“To ensure that all the body’s nutritional requirements are met as quickly as possible, in the most acceptable way to the person being treated.”

Fortunately, although Micaela’s condition is not completely unique, most IBS sufferers can recover more easily than she did. Fortunate indeed as there are not too many people with Micaela’s amazing determination to succeed.

The picture at the top, is of Micaela now, at 9 1/2 stones and happy.

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“Why Do Some People Suffer Gut Problems More Than Others?” (IBS Part 2)

This post starts to answer some of the questions I posed last time. Everything hangs on your immunity. It really is the be-all and end-all of wellness or illness. Let me tell you a story, a bit scary in places but it all ends happily ever after.

When you were developing in your mother’s womb, your gut was sterile. When you were born, you were covered with the bacteria and other microbes that were in your mother’s vagina – the same ones that were in her colon. (Told you it was scary!)

Walking BarefootYou were put to the breast where you and your brand new gut microbes were nourished and you all thrived. As you grew you were given a good diet of eggs, meat, healthy fats, vegetables, fruit and quality dairy products. Playing was fun and you crawled around the garden in the sunshine, tasting the worms and making mud pies. (Well I did!)
Childhood illnesses were encountered and fought off and even when antibiotics were necessary, you were quick to recover on your nutrient-dense diet. The status quo is maintained and you continued your healthy lifestyle. As an adult, you are healthy and wellness is easy.

 

Now another even more scary story which does not end so happily.

When you were developing in your mother’s womb, your gut was sterile. When you were born, it had to be by Caesarian section as your mother was in difficulties and you had to go straight into an incubator. You had not picked up your dose of mum’s gut microbes but you got a little of everyone else’s flora from being handled. As your mother was unwell for a while, you were fed formula milk and you and your new – but unbalanced – gut microbes were nourished.

French FriesYour diet was mostly quick and easy foods as your mother went back to work and you play time was mostly indoors at the nursery. You suffered all the childhood illnesses going around at the time, and needed several courses of antibiotics which upset your tummy. As an adolescent you settled on a high carbohydrate diet as the government advised.

You had a holiday abroad, got a stomach bug from which you partially recovered but ever since, your stomach has been a problem. Foods you were able to eat become ones you now can’t tolerate. You suffer gas, diarrhoea, stomach cramps  gurgling and more. As an adult, you don’t really know what wellness is.These symptoms can be due to IBS, but may progress to being celiac disease, ulcerative colitis or Crohn’s disease (IBD). All these diseases are autoimmune conditions.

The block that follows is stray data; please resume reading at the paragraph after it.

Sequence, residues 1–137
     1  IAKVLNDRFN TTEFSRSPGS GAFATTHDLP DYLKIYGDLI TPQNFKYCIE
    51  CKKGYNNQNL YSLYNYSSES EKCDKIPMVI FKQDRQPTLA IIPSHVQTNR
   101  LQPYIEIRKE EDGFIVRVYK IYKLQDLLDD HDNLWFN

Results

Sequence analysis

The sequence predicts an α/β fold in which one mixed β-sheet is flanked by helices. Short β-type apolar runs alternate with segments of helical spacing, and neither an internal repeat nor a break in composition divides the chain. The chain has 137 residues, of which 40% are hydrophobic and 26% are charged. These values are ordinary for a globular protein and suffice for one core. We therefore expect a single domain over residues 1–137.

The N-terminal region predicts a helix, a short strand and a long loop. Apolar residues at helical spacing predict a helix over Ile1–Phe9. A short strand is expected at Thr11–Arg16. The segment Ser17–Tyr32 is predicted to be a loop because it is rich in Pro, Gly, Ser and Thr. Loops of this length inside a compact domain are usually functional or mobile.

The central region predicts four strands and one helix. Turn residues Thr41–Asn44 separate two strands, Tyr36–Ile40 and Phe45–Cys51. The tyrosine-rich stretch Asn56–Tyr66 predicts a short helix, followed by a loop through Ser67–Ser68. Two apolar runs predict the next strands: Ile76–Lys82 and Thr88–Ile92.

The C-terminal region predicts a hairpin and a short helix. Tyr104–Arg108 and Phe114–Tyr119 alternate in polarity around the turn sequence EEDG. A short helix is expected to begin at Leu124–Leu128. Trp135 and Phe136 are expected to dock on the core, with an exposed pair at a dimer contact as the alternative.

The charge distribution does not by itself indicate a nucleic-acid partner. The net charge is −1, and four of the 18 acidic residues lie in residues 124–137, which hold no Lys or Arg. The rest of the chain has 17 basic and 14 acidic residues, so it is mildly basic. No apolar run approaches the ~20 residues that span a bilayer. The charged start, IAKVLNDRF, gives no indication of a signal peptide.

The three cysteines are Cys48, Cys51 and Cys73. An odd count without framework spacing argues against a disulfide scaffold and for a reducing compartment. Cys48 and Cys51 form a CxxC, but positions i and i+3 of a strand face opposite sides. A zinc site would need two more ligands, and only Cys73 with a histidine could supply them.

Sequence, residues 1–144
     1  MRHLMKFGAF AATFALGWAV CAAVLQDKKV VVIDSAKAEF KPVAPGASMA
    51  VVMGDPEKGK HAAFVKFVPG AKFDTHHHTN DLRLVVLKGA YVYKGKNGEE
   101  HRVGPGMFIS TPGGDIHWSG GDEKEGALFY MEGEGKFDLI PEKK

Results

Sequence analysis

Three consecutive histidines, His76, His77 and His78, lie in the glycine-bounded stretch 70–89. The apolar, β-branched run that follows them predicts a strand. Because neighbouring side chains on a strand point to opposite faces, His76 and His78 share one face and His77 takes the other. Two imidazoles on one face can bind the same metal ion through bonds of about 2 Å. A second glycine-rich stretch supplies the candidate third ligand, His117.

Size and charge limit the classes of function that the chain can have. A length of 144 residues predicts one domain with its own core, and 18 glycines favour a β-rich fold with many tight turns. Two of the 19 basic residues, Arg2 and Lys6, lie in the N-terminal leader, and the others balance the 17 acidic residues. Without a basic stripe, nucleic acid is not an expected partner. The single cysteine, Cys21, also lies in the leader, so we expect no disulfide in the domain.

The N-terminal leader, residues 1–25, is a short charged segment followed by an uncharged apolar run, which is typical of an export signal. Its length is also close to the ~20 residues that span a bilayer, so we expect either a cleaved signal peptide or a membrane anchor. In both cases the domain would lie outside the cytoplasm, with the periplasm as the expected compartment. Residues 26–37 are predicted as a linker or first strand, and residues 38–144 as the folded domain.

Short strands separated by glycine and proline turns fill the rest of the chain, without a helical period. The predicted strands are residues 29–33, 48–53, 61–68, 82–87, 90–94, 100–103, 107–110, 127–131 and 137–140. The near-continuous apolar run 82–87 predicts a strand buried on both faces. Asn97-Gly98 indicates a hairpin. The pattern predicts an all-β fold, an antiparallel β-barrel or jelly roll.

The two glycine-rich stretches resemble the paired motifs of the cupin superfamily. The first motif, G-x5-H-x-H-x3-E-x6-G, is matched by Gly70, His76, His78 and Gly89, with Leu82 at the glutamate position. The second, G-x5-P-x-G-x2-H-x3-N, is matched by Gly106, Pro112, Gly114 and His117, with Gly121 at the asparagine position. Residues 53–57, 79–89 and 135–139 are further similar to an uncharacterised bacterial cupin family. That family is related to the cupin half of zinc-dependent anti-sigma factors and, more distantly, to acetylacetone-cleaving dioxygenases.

I have made these stories simple but there are lots of other factors that contribute to how you will fare health-wise. Vaccinations, household cleaning products, exposure to sunlight, accessible good quality food etc. – if/how/when these are done will all impact on your immunity.  The problems encountered in the second story can be overcome as long as the very basics are observed – nurture of the immune system.

Next time I will give you a “close up” of what is happening in a gut suffering “dysbiosis” – microbial life at war!

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Vitamin D and Gut Problems

Over the last ten years, inflammatory bowel disorders (IBD) have steeply increased in both adults and children. They are autoimmune illnesses. This is a very serious situation as both IBD – ulcerative colitis and Crohn’s disease – are usually controlled with steroid drugs and many will go on to have bowel surgery – more than once in many cases. Celiac disease – a severe gluten sensitivity – is also thought to be an autoimmune disease.

Walking BarefootThese diseases are capable of disrupting normal childhood activities and bringing isolation to sufferers. They are characterised by persistent diarrhoea, sometimes accompanied with blood and mucus; severe stomach cramps; anaemia; tiredness and often, emotional upsets. It is a truly catastrophic illness for all involved.

As usual, I believe that it is a nutritional problem. If all of us were able to feed on the diet we are programmed for and obtain sufficient sunshine to keep our vitamin D levels in an optimum range, I doubt there would be very much in the way of chronic illness – not in adults or their offspring.

But things are constantly changing. We largely live indoors, use the car, eat fast microwaved food and know little or nothing about the art and science that should go on in a kitchen.

With this in mind, how can we and our children expect to stay well? Wholesome diets for human beings encompass all the known nutrients for our health. But what of the nutrients we don’t yet know about? We shouldn’t worry. Nature takes care of that providing we eat the food we are genetically programmed for. (Plenty of information about this in my other blogs.) Anything else just wouldn’t make any sense. After all, wild animals don’t have nutritionists and books to guide them, they just eat what they instinctively know is right.